Mose Sakashita

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We propose Stimulated Percussions, a new method designed to beat out rhythm by controlling human bodies with percussions using electrical muscle stimulation (EMS). Numerous studies in the fields of both science and art have been carried out to expand the possibilities for untrained people to be able to play musical instruments. Especially, in some studies,(More)
This paper introduces a new method to add the controllability to underwater objects applied by a structure of a Cartesian Diver which have been computational designed and fabricated. The Cartesian Diver is a well-known demonstration of Pascal's law and Archimedes' principle. The diver is able to be manipulated to achieve up and down motion by a single(More)
In musical performances, it is important to produce rhythms correctly. However, when beginners play musical instruments, it can be difficult for them to understand rhythms using only visual and auditory rhythm information. To solve this problem, we propose the Stimulated Percussions (SP) system, which generates rhythms on a computer and transfers them to a(More)
We propose a system for transmitting a human performer's body and facial movements to a puppet with audiovisual feedback to the performer. The system consists of a head-mounted display (HMD) that shows the performer the video recording of the puppet's view, a microphone for voice capture, and photoreflectors for detecting the mouth movements of the human(More)
Many devices and systems that directly control a user's hands have been proposed in previous studies. As a method for controlling a user's wrist, Hanger Reflex and Electrical Muscle Stimulation is often used. We propose a method combined Electrical muscle stimulation and Hanger Reflex. We use Hanger Reflex to elicit the supination and pronation, and EMS to(More)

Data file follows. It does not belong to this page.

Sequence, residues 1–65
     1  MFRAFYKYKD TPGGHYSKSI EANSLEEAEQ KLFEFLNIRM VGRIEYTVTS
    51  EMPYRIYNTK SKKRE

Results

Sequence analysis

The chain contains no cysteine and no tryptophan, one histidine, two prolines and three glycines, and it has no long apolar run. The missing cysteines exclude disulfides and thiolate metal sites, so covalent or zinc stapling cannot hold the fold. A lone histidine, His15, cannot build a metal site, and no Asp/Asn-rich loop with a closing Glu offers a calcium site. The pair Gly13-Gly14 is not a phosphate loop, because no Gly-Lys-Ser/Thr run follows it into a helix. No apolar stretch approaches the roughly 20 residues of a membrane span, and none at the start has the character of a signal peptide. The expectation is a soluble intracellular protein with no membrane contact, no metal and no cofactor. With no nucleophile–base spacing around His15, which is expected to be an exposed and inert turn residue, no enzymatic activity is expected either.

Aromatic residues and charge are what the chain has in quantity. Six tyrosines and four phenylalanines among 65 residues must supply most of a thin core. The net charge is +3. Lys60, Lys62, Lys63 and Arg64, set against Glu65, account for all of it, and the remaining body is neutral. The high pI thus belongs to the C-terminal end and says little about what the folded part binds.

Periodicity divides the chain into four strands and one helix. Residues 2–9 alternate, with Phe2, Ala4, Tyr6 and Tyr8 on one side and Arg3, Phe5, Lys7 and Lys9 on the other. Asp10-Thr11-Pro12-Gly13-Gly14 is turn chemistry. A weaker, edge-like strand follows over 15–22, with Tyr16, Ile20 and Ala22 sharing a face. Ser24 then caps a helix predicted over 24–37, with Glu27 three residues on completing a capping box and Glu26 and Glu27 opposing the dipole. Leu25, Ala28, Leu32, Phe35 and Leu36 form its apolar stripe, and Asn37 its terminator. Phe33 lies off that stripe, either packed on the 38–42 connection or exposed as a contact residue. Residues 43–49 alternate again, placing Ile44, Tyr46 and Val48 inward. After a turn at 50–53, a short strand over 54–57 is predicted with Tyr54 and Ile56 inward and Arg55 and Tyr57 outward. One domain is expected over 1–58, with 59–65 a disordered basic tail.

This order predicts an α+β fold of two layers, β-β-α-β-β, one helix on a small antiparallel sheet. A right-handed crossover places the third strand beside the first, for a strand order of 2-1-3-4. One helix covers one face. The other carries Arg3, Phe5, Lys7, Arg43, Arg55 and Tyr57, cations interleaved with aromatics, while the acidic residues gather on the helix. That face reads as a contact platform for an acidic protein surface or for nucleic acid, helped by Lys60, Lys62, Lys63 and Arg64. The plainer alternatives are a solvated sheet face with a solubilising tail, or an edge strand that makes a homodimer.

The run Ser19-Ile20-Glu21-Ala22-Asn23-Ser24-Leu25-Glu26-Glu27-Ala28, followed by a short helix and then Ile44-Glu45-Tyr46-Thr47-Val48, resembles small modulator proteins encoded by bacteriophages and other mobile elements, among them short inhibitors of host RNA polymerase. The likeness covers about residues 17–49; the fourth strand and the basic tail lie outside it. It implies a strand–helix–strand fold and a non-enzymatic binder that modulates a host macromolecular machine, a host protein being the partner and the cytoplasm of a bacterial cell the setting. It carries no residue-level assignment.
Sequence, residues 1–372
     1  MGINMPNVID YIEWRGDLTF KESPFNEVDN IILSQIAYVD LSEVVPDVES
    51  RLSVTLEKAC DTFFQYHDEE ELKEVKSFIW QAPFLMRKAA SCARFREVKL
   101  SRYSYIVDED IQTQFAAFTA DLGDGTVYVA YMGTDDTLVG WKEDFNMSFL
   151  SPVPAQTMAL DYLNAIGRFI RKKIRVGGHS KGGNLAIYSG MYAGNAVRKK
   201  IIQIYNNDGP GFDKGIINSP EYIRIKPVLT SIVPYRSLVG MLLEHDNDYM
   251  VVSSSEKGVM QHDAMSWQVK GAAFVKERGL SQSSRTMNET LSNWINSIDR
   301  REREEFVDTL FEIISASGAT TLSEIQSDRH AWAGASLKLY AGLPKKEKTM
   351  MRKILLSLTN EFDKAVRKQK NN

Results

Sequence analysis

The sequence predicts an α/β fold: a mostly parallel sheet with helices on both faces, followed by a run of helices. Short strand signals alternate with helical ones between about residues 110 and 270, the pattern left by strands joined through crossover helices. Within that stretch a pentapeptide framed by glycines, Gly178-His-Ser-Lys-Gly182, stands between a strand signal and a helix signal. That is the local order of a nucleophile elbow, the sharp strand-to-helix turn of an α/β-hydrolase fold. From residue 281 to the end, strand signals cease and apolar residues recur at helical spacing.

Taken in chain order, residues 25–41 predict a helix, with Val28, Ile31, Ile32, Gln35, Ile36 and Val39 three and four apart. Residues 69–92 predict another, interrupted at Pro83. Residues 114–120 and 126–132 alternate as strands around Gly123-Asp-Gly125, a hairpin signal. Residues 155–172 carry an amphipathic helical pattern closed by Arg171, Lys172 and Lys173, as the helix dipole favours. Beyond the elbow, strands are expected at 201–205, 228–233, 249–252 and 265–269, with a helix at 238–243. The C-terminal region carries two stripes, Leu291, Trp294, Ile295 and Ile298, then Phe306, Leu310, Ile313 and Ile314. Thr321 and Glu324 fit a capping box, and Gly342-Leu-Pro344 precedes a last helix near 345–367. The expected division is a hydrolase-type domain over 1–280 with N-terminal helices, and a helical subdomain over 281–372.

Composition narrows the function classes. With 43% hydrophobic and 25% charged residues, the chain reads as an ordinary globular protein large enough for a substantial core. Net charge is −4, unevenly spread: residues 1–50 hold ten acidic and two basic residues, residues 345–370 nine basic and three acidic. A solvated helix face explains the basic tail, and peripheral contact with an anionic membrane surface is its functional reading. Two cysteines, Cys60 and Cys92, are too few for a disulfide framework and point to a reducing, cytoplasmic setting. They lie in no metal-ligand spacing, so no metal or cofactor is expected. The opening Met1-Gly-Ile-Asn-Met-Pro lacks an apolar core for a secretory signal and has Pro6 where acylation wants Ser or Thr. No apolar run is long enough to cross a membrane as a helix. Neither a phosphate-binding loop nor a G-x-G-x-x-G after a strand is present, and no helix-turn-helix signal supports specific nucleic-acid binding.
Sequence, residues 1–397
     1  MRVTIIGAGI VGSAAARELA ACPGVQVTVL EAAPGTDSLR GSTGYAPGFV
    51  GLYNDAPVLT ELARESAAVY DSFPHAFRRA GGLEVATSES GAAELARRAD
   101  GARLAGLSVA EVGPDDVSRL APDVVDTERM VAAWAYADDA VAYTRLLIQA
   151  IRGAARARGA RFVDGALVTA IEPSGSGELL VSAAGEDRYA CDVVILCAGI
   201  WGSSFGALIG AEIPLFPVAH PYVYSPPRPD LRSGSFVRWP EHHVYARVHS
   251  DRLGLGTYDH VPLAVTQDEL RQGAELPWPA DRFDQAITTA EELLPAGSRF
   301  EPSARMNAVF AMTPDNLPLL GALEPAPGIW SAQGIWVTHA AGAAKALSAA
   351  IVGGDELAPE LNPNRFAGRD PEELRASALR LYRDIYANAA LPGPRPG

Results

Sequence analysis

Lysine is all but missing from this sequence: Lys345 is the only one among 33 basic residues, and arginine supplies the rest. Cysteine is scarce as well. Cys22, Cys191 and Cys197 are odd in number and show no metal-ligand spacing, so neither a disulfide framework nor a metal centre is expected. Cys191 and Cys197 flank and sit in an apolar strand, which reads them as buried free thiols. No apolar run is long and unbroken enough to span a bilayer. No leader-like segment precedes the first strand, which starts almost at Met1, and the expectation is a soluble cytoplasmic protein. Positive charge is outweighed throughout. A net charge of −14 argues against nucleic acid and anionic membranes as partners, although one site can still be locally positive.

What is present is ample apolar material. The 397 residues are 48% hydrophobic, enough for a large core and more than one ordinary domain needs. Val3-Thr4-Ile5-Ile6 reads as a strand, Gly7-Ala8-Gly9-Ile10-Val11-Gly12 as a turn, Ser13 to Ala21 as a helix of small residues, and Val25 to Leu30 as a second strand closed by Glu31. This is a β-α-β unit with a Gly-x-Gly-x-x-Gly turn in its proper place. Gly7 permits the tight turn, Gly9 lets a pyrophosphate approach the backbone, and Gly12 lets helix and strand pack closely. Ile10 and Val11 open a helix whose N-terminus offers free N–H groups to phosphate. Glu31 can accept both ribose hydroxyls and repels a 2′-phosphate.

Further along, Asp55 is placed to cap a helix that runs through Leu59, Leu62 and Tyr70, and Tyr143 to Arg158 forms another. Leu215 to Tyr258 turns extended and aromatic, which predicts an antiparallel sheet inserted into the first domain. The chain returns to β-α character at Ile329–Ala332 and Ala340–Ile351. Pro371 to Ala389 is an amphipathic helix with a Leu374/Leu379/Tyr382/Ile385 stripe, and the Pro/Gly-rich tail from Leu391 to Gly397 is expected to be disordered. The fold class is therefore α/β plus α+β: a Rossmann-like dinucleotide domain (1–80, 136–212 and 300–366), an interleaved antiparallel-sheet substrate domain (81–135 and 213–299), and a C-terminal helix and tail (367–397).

Underwater expression is attractive. It seems like underwater objects are floating like anti-gravity scape by buoyancy and it is also impressive that bubbles rise while refracting the light. In this work, we aim to combine digital fabrication with interactive technology and expand underwater expression. To achieve this, we focused on a classic science(More)
We propose an immersive telepresence system for puppetry that transmits a human performer's body and facial movements into a puppet with audiovisual feedback to the performer. The cameras carried in place of puppet's eyes stream live video to the HMD worn by the performer, so that performers can see the images from the puppet's eyes with their own eyes and(More)
We propose a method to learn and archive dance movements by fabricating tangible three-dimensional (3D) human forms. We analyze the pattern of the tempo and rhythm of a music piece and fabricate the shape of a 3D body based on the motions of the dance performer by using a 3D printer. For the implementation, we employ a depth camera to capture 3D information(More)
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